And we were all about that.
“The FUCK, burning? I love pain,” said humans, presumably.
“You know, peppers, you and evolution have done a good job at burning us but I am pretty sure we could make your chemical agony even more potent. Come hang with us,” humans added to a very confused pepper just before creating the ghost chili.

How to Propagate Succulents

My latest obsession is the pretty succulent. They are beautiful plants and come in so many varieties and great colours. They are very hardy and need little watering (once every two weeks or once a month depending on your climate and environment) so they make a very good plant for indoors and anyone who doesn’t have a green thumb. 

The great thing about these guys is you can actually grow heaps of succulents from the one plant. It’s called propagating and I’ll run you through just how to do it!

Step One:

Choose the succulent. Head to your local garden nursery or local market to pick one. 

Once you’ve got your little friend home. Start by carefully removing the lower leaves. Pull off as many as you would like to propagate. Most people usually remove all the leaves from the lower level. That way you have a few if any don’t make it. Hold the leaf firmly and wiggle it until you can feel it pull away.  Make sure you get the whole leaf and don’t tear it otherwise it won’t grow a new plant.

 Step Two: 

Your leaves should look something like this If you have correctly pulled them off in one piece.

Step Three: 

Now we wait. This step is the most important!! The leaves need to dry out & callous over before we plant them or else they will  absorb too much moisture,rot and die. This usually takes a few days to a week. 

Step Four:

Once you feel the ends have dried over, place them in a pot or tray ontop of well drained succulent & cactus soil mixture (you can buy this in a bag from your local hardware/ garden nursery I got mine from Bunnings). Some people dip the ends of the leaves in a plant cutting mixture (contains stimulating root hormones). This speeds up the growth process. You can try this but not essential.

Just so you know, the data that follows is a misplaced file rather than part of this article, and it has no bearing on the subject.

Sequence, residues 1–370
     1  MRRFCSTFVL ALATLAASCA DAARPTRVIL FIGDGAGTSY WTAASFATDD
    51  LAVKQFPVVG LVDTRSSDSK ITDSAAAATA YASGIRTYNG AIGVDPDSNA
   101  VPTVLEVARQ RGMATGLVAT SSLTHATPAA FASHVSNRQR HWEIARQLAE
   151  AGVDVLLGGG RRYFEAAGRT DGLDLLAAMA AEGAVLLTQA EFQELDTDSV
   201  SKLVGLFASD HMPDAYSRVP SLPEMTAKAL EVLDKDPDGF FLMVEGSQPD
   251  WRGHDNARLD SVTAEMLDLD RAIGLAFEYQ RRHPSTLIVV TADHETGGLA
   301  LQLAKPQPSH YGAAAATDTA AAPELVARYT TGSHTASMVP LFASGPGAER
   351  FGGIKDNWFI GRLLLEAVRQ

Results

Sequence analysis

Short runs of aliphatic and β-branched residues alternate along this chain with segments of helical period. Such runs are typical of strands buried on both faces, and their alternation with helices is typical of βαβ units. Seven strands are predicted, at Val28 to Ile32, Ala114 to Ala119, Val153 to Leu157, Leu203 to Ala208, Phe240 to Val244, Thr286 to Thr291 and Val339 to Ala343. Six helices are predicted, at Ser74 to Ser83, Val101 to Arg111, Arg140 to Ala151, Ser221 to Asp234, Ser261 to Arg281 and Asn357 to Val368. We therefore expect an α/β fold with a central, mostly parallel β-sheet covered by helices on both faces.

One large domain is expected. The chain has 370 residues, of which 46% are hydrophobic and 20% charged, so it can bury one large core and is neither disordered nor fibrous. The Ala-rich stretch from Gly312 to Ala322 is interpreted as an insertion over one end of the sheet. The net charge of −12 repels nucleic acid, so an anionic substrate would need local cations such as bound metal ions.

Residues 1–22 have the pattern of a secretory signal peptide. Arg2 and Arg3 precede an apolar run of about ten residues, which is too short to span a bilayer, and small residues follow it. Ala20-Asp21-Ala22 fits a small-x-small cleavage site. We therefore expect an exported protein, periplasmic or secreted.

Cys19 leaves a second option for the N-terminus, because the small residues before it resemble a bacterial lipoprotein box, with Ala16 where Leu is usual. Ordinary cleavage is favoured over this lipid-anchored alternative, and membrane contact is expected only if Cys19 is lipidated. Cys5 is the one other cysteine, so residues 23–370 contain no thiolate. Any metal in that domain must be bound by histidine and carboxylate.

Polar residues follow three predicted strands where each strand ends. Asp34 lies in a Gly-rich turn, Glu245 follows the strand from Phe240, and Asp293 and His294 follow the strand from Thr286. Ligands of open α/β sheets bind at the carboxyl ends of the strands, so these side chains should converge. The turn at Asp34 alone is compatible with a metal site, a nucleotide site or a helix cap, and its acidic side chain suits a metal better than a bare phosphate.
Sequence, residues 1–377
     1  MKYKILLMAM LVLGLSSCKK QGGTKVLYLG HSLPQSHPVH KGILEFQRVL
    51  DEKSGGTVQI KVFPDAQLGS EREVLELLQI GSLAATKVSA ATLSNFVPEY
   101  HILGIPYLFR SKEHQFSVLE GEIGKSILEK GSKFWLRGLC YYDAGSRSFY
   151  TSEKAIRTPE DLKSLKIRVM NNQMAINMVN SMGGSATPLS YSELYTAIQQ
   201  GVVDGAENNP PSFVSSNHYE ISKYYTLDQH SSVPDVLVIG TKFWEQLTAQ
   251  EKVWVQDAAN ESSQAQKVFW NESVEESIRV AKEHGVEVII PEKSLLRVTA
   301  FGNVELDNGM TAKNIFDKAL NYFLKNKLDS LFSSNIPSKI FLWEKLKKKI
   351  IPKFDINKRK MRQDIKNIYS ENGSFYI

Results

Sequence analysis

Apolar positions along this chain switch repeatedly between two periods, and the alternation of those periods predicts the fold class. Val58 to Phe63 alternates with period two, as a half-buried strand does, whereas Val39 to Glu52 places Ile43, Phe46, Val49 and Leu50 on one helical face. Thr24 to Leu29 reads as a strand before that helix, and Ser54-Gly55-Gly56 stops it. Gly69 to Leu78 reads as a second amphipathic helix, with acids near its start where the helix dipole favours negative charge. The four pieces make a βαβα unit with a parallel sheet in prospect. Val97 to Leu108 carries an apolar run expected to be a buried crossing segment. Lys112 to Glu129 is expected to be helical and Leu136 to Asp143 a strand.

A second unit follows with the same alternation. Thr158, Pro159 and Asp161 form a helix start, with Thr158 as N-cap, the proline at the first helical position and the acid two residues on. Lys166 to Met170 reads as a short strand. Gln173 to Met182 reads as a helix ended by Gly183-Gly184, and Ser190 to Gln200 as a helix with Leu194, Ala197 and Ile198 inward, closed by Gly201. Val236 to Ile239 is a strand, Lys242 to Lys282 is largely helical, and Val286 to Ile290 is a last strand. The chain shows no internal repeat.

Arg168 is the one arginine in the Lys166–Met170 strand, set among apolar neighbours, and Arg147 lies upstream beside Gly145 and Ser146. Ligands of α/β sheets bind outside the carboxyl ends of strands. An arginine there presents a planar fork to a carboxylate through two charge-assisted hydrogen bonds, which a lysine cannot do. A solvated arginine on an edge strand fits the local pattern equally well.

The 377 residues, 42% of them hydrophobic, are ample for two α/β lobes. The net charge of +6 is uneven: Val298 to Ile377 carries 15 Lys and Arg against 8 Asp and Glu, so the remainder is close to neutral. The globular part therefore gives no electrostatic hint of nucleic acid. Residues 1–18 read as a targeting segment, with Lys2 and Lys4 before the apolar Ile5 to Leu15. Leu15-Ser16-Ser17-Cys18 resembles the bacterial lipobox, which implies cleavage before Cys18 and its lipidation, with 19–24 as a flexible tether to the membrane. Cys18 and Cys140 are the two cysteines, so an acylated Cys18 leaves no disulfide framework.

Leave them inside where they can get indirect sunlight. After a few weeks you will notice roots shooting out the ends of the leaves. Then very small succulents will begin to form. Lightly water once you see these. During the process if the soil is dry add water to keep the area moist. Remember too much water is not good. Succulents aren’t big fans. 


Step Five:

Congratulations you've successfully growth succulents! Once they get to this size (see image below)  or even like the above image. You can carefully remove the new succulents and plant them in their very own pot (remember to use a succulent cactus soil mixture) and watch them blossom! Pretty cool hey! 

Now you can start getting creative and making gorgeous features out of your succulents. Mix them with other plants just like this. 

Happy Gardening! x 


Images via: www.pinterest.com

Succulent Guide

Congratulations on becoming a proud plant parent! Welcome to to the wonderful world of succulents and cacti, here is a small guide of how to take care of your succulents properly and tips on how to maintain a healthy, happy plant based on personal experience. (・ω・)ノ

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General Knowledge

Firstly, here is some general knowledge on succulents that will (believe it or not) help you greatly when it comes to taking care of your plant.

  • Succulents and cacti are in the same family! This means there are many different kinds and like dry places with little water
  • The world “succulent” refers to the plant’s fleshy, thick leaves. They are like this to retain water.